“We can learn to be cooks but we must be born knowing how to roast.” -Jean Anthelme Brillat-Savarin as quoted in Jeffrey Steingarten’s “As the Spit Turns” in It Must Have Been Something I Ate (Knopf).
“Some people roast a chicken and then peel off and discard the skin. What is the point? If you can’t stand the skin, stay out of the chicken.” -Steingarten himself in “As the Spit Turns”
I shudder a bit when the oven in our backyard at the cottage is referred to as the “pizza oven”. I do it myself because “wood-fired oven” is cumbersome and “outdoor brick oven” even more so but I really don’t want it to be thought of as some one-trick pony. The oven’s on an island away from the tentacles of the homogenized orange pizza delivery empire but still it was a lot of work and uses a lot of wood to just make one dish, no matter how delicious. That’s why when the oven was being lead through the curing process (days of low, long fires to gently drive the moisture out of the masonry) I made a point to cook a variety of dishes. Pulled pork for tacos, steak grilled over coals, and probably best of all, roast chicken.
The guys at The Paupered Chef have written more than one post about roast chicken (my favourite of their methods is the recipe that calls for croutons under the chicken to catch the fatty drippings). I’m not as roast chicken obsessed as they are but it is a dish I think a lot about and I thought I might be able to use a rotisserie to roast a chicken in the brick oven. (more…)
The hot weather this summer has made it an especially good season for fruit. The great thing about desserts featuring fresh fruit is that they are so flexible that I have gone an entire summer and made a different dessert almost every weekend. I have combined blueberries with peaches to make a cobbler that was the first dessert from the pizza oven but wanted to try a recipe that is more traditionally for blueberries so I tracked down a recipe for the blueberry grunt. This classic preparation was popular with those who settled the Canadian maritime provinces and the New England states.
Desserts often put to the test the axiom that successfully cooking decent food is only about closely following instructions. Without even considering souffles or custards, pie dough can often confound the beginner. This recipe is a definite exception. As easy or easier than blueberry pancakes–a staple of the kitchen-wary bachelor–this recipe has three basic steps: cook fruit with water and sugar; mix batter; drop blobs of batter onto cooking fruit, cover and finish cooking. (more…)
I wrote last summer about my experience picking apples with the community organisation, Not Far From the Tree. That was a positive one for me but with some reflection I have to admit that it’s novelty had a lot to do with that judgment. The apples we picked (and I preserved using a recipe for spiced apples) were, quite frankly, under-mature and despite my wishful thinking the sharp mallic acid taste and starchy texture didn’t improve in the Mason jar. I read in Jeffrey Steingarten’s Ripeness Is All that apples are well-suited to ripening after harvest as they convert starch to sugar so we must have been truly early in picking these. I also now know how to tell if an apple is ripe: Cut it through its equator and if the seeds are brown it is ready to be harvested.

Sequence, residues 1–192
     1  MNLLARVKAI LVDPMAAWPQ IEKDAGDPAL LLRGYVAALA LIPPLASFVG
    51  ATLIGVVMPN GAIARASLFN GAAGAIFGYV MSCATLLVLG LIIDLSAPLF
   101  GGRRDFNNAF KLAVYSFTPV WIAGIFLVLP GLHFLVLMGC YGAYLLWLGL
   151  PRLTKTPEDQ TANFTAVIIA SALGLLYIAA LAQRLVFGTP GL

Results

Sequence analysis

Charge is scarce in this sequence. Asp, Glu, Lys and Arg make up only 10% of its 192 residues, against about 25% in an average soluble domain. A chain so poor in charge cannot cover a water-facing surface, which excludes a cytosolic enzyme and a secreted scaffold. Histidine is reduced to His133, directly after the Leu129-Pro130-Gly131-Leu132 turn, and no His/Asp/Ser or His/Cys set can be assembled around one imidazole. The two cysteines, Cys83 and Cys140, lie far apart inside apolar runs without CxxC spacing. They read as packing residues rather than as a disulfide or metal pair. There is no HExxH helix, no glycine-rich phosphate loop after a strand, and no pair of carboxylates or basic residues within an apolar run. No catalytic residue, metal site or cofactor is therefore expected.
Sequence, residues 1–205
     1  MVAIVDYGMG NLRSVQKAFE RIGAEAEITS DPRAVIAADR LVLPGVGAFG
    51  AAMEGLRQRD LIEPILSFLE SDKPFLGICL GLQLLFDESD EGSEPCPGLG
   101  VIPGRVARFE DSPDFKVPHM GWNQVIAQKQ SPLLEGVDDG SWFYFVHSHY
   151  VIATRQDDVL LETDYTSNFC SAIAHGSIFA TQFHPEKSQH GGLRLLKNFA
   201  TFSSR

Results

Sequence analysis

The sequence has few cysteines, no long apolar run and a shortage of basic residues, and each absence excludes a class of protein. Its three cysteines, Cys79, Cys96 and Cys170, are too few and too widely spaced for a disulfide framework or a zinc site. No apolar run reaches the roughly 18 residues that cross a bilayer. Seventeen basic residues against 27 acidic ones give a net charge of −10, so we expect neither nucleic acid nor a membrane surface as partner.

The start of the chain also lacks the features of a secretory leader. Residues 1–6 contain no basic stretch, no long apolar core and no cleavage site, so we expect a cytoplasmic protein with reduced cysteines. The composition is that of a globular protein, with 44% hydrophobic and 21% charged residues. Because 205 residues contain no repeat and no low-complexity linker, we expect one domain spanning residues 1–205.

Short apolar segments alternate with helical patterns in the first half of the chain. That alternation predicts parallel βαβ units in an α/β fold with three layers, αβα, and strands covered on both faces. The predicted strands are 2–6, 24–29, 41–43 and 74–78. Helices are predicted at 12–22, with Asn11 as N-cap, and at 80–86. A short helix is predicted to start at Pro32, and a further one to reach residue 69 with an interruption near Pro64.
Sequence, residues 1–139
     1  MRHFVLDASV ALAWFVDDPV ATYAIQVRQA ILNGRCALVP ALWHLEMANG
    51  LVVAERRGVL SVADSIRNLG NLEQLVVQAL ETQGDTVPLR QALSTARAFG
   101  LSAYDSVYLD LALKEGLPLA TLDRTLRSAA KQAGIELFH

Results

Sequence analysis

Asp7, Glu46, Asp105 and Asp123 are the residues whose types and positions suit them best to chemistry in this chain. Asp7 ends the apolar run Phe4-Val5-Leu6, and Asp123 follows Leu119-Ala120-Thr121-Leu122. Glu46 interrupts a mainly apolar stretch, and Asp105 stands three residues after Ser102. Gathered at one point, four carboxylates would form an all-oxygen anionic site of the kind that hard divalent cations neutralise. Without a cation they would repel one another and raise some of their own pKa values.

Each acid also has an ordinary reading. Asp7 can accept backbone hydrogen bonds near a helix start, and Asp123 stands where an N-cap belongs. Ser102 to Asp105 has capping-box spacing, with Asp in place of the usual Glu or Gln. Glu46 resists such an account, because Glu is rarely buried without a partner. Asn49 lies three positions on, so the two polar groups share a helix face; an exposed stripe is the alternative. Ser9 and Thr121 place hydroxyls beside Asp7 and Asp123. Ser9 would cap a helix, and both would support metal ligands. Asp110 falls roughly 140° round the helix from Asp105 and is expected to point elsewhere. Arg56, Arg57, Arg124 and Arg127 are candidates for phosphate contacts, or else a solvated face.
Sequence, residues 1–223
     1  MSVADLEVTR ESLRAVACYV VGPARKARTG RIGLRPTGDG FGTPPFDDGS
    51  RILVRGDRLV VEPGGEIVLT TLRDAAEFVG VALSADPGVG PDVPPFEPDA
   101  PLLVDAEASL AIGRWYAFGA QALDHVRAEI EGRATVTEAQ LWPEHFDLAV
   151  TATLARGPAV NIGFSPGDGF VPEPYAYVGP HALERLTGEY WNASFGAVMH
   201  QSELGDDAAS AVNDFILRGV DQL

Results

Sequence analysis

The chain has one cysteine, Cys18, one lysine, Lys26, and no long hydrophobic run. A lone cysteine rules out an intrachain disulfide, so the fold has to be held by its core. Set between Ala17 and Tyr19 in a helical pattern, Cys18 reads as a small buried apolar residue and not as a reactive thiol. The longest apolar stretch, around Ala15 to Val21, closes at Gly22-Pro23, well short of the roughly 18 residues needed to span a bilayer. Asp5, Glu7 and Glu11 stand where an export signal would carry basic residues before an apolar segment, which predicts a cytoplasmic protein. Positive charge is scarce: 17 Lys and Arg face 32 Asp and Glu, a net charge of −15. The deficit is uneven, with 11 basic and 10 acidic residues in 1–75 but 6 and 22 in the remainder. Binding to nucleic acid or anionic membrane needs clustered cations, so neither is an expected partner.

This really wasn’t NFFTT’s fault; I’m sure that the combination of scheduling a limited volunteer pool and home owners who declare that their tree absolutely must be picked immediately so that all the fruit doesn’t litter their yard means that mine wasn’t the only group picking under-ripe fruit. Complaining about free food seems ungracious but on the other hand isn’t that preferable to wasting apples that in the next-best scenario would have fallen and fed animals, birds, and the tree itself? (more…)
Back in December at the Foodiemeet bake-off I was lucky enough to win a gift certificate from the Samovar Room for bottle service vodka. I went back with friends a month later and enjoyed a bottle of Russian Standard. This isn’t really the usual bottle service experience because the waitress brings a tray full of glasses, traditional Russian mixers, a dish of olives, and a small pitcher of pickle brine that she claimed we were meant to chase the vodka shots with.
On one hand I figured this was an insider trick to fool the uninitiated into making asses of themselves but on the other I really like pickles and will shoot just about anything (see my Chalet sauce near-addiction; thankfully I’ve been clean for going on eighteen months). Taste-wise (and who care about anything else?) this is a great idea. The vodka smooths the sharp saltiness of the brine which in return highlights vodka’s (few) good qualities. (more…)
This recipe has been on my mind for a long time. Back in March I had the opportunity to try Massimo Bruno’s Italian Supper Club and there were a lot of dishes that stood out but one technique that I knew I wanted to replicate at home. The mozzarella and tomatoes that he served together were powerfully supported by the essence of basil but I couldn’t find any trace of the third, green musketeer on the plate.
Possibly inspired by one too many glasses of wine, I assumed that some combination of particularly potent basil and a long exposure time had caused the cheese and tomatoes to soak up the basil’s flavour. Obviously, it was basil oil behind the magic of delivering the herbal aroma and flavour while eliminating the off-putting texture. (more…)